Lenore Janis, a founder and longtime president of Professional Women in Construction (PWC) which celebrated its 40th anniversary last year, died on January 31, 2021.
The feature obit in the New York Times called Janis “a force of nature” in the industry and credited her for leaving “thousands of cracks in the concrete ceiling of a male-dominated business.” Real Estate Weekly dubbed her a “construction pioneer.”
Janis founded Era Steel, named after the Equal Rights Amendment pending ratification at the time, in 1979. In 1980, she and 11 other women created PWC to open opportunities and expand participation for women professionals, entrepreneurs and executives in construction and related industries. Just three years later, Governor Mario M. Cuomo established an office to ensure that more construction contracts would go to women-owned businesses in New York State.
In 1986, Janis, under Mayor Edward Koch, became the first woman director of the City’s Bureau of Building Management in charge of 250 tradesmen and multi-million-dollar projects. Among her accomplishments was the installation of women’s locker rooms in the Department of Sanitation facilities. She left government work in 1995 to devote herself full-time to PWC until 2015. Annual events such as Meet the Construction Chiefs and Opportunity Fairs grew in number and popularity. Janis launched PWC Golf Outings that invited women to take part in what was traditionally a ‘good old boys’ networking venue.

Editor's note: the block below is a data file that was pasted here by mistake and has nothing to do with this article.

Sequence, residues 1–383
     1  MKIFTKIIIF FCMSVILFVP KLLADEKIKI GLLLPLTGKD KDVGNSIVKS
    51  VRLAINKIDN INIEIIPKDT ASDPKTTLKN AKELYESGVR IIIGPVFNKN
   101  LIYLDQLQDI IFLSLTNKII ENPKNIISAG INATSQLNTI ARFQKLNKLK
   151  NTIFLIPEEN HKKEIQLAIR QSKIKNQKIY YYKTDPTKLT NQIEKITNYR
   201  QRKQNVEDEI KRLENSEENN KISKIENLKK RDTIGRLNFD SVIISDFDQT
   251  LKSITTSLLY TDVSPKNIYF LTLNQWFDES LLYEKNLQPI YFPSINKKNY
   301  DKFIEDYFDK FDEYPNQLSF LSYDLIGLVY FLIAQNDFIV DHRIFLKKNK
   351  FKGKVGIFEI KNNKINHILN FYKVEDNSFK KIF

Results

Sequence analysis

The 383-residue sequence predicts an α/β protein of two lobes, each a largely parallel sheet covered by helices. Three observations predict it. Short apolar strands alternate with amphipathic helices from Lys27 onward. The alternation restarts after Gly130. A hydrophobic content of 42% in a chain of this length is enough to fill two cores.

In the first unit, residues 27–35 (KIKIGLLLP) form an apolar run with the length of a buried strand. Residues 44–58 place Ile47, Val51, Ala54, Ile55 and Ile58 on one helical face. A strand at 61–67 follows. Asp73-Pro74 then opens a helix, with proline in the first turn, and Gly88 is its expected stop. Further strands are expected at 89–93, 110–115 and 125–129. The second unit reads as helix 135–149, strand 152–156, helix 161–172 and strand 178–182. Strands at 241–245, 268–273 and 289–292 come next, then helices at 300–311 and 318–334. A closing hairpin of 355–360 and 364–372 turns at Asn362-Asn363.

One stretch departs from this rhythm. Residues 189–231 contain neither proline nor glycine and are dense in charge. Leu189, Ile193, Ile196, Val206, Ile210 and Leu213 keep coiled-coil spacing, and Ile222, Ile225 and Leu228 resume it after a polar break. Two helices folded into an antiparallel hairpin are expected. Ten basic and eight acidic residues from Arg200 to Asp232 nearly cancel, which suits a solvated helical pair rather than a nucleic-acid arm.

Janis has been honored by numerous organizations including the American ORT; NYC NOW; the Association of Women Construction Workers of America (AWCWA); the Concrete Industry Board – alongside nine men; the Brick Industry Association; the NY Women’s Chamber of Commerce; and the General Society of Mechanics & Tradesmen. She wrote a chapter, “Women in Construction,” for Construction in Cities. She was inducted into the Hall of Fame of her alma mater, White Plains High School, attended Bennington College and graduated from the University of Connecticut.
In a 2014 interview, Janis reflected on the industry’s evolution noting that in 1980 banks and suppliers balked at granting loans to women-owned businesses. Seeing progress over time she said, “When a woman steps into the room, she may even be pleasantly surprised to find she’s not the only woman at the table.”